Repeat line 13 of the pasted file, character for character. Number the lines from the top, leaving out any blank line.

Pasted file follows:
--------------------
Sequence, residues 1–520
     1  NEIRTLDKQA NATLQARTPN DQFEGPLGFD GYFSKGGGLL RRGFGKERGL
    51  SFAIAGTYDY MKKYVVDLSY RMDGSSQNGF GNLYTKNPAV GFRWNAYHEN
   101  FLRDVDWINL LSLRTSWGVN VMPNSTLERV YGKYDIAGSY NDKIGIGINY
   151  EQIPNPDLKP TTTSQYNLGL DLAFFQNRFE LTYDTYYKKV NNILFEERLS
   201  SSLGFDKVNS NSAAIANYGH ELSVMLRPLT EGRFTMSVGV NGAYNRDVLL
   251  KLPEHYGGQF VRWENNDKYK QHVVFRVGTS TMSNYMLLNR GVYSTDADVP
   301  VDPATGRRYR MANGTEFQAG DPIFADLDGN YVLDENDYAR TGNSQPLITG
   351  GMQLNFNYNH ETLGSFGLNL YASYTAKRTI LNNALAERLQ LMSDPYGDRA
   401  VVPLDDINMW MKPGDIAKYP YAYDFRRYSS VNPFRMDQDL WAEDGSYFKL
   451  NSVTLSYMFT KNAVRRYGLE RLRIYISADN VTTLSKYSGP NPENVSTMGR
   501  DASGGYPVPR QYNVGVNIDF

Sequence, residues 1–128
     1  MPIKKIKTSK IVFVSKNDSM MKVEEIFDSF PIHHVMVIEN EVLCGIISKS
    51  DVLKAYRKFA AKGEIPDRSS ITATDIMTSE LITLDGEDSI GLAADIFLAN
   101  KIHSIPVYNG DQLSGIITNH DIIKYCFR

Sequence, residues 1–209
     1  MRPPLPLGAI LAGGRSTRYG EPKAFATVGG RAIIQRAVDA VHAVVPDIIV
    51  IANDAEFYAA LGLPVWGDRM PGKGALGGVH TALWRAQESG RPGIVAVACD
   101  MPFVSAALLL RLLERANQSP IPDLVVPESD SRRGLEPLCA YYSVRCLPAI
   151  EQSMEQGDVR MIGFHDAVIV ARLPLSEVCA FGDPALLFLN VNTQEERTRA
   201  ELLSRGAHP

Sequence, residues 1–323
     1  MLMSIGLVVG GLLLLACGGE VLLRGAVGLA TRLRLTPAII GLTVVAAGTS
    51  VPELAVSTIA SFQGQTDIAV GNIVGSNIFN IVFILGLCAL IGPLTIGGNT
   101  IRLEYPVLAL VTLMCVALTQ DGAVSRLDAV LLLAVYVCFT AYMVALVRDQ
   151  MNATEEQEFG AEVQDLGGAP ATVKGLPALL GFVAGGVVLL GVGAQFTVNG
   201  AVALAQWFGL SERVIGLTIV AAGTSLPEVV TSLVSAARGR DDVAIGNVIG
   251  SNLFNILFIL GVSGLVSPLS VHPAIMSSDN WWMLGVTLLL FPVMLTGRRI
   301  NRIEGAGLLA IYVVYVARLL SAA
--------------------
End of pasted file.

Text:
Sequence, residues 1–128